Reports from a Suburban War Room by Salena Casha

The phone call came at 6:03 PM that Saturday and lasted thirty-two seconds. My Neapolitan grandmother, Tina, who survived a world war, American sweatshops, and the Brooklyn mob, who only used her phone to play Scopa and dial my parents and breathe heavily on the line, never called me directly unless it was an exceptional circumstance.

And it was. Ten years gone but somehow, they were back.

So, forty-five minutes later I pulled up to her house, threw the car into park, and blew through the basement door.

Tina, already had a cup out for me and, as I sat, she poured the coffee black from a steel kettle.

‘Eat,’ she waved at a prosciutto and mozzarella sandwich.


‘Eat. Also, I thought you were getting rid of that shirt.’

Somehow, the fact that I’d been dairy-free for five years had escaped her, but what I was wearing the last time I saw her, had not. A cigarette surfaced from her pocket. She walked to the stove.

‘They’ll smell it,’ I said, eyes slipping to the ceiling.

She shook her head at me and turned on the extractor. Lit the tip on the burner and blew smoke into the vent.

‘Smart,’ I replied.

She shrugged and leaned back against the granite countertop, tapped the ash over the lip of a milk carton. I couldn’t stop looking at it, remembering how my dad had poured that refuse into a cup of coffee once.

The look on his face.

A five-count exhale. A tap.

‘They’ve found me.’ She said it simply but with emphasis, the cigarette held between her middle and index finger, straight as a rule.

The hair on the back of my neck prickled. ‘When did you see them?’

‘Last night. By the dogwood. Saw their eyes and I just knew.’ She nodded toward the sunroom windows. The cigarette was already down to the filter. The lung capacity this woman had, while still shocking, wasn’t necessarily surprising in a family of swimmers. ‘I think they brought friends this time.’

‘Last time,’ I said slowly, pushing the plate away, ‘was a disaster.’ All ruined Zucchini flowers and a shoulder that still clicked when rotated.

She shrugged. ‘You’ve learned. Got that plant across the border a few years ago, remember?’

Being a trafficker was different to being a security guard. I still had nightmares about breaking news: World ends when thirty-year-old woman smuggles invasive species from Florence and plants it in her grandmother’s garden.

I wasn’t saying that little green sprout was the reason the birds died, but there had definitely been fewer robins around since.

Tina ashed the rest of the cigarette in the carton and screwed the lid back on.

‘So here’s the plan.’ She scratched out a blueprint on the back of a heating bill.

Before I could process anything except the location, she put a shovel in my hand and sent me out into the gathering dark.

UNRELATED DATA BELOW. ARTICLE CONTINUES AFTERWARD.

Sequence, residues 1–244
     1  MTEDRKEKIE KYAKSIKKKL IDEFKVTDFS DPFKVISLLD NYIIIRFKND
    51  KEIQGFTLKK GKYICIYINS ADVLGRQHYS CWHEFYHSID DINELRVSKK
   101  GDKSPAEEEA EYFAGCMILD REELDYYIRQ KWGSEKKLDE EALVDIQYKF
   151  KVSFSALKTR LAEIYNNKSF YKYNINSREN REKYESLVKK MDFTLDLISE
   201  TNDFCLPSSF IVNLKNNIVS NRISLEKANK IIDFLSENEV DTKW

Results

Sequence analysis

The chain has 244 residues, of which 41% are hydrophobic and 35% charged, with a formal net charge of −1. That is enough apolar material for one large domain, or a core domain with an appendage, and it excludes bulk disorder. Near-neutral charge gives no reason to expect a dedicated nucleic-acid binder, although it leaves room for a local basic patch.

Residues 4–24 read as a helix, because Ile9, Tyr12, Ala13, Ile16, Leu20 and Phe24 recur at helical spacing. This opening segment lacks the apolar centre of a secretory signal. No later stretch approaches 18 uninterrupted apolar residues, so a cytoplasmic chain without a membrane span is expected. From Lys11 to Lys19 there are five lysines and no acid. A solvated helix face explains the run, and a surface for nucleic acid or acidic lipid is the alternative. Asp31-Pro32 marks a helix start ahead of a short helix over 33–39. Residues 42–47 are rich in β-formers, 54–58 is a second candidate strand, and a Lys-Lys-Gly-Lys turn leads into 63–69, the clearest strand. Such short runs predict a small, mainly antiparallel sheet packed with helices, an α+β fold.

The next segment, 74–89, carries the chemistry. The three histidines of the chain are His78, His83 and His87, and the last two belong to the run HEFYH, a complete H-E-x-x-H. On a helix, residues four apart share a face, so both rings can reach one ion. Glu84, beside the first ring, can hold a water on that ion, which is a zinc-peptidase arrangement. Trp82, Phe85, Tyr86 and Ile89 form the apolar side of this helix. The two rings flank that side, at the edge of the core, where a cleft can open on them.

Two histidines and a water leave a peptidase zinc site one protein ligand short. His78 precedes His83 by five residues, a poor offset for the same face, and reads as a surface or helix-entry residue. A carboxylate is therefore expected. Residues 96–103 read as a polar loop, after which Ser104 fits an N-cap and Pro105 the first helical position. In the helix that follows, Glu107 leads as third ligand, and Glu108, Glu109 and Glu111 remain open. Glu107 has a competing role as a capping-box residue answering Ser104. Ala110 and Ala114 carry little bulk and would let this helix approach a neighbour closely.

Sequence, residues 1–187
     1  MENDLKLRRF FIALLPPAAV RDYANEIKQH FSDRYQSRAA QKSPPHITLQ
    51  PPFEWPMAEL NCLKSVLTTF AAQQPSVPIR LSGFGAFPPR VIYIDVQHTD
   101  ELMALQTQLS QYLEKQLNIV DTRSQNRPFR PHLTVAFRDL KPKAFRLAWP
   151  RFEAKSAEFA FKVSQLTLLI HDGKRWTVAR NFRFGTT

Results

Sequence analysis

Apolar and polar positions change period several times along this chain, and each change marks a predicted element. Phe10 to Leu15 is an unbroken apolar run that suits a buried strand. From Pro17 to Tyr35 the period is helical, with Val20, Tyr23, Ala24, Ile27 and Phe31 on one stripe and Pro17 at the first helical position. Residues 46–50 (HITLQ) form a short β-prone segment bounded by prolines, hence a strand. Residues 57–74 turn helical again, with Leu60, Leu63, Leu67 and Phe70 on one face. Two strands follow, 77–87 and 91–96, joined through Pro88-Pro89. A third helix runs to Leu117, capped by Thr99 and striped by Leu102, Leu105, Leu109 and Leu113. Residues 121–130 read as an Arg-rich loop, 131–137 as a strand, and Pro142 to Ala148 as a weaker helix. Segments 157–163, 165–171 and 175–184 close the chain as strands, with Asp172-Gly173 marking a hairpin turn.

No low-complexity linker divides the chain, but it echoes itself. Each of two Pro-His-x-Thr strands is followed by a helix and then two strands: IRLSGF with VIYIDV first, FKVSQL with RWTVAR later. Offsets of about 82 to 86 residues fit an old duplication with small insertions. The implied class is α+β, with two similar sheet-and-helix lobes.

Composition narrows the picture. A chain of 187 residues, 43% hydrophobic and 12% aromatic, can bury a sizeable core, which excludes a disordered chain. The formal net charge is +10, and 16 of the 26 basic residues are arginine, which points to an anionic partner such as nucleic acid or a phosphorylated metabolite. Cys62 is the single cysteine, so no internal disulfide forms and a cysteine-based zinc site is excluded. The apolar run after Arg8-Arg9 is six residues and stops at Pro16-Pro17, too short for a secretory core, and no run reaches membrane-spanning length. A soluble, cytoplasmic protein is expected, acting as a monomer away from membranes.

The hole was exactly where she said it would be. I filled it with mulch from a recently planted spruce tree and, once I’d felt sufficiently guilty about wrecking that landscaping, dirt from a nearby dead-looking patch of grass. Then, as instructed, I lay belly down in the mud, not because I believed I should, but because Tina could still see me from her patio.

Then, we waited.

Rain began to spit. The water soaked into my jeans. We’d turned off the outdoor lights and Tina’s outline, stationed at the other end of the tunnel, began to fade – except for her eyes, flashing in the night.

I wasn’t sure how long we were out there, the ground turning warm beneath my body, before I heard it. Not a screech or a howl, just a loud thunk and crack.


And then, ‘I got him, Jo, I got him.’

My stomach descended as I got to my knees and then my feet, soaked through and muddied. Even in the pitch, I could see the brick she’d thrown sitting at the top of the hole, something crushed below it.

Apparently, the stuffed animal I’d gotten her last Christmas had not changed her heart towards the poor creatures – even though she slept with it every night.

‘Leave it there. A message to the others,’ she said. ‘Want tomatoes before you go?’

I shivered because I knew it wasn’t really a question but a command. You did not refuse to eat my grandmother’s tomatoes if you were a human or, as the mangled body outside could attest to, eat them uninvited if you were a mole.

Salena Casha’s work has appeared in over 50 publications in the last decade. You can find her most recently published pieces in Levitate Magazine, Cerasus Magazine, Reflex Fiction, Fairfield Scribes, and Flashback Fiction. She survives New England winters on black coffee and good beer. Twitter @salaylay_c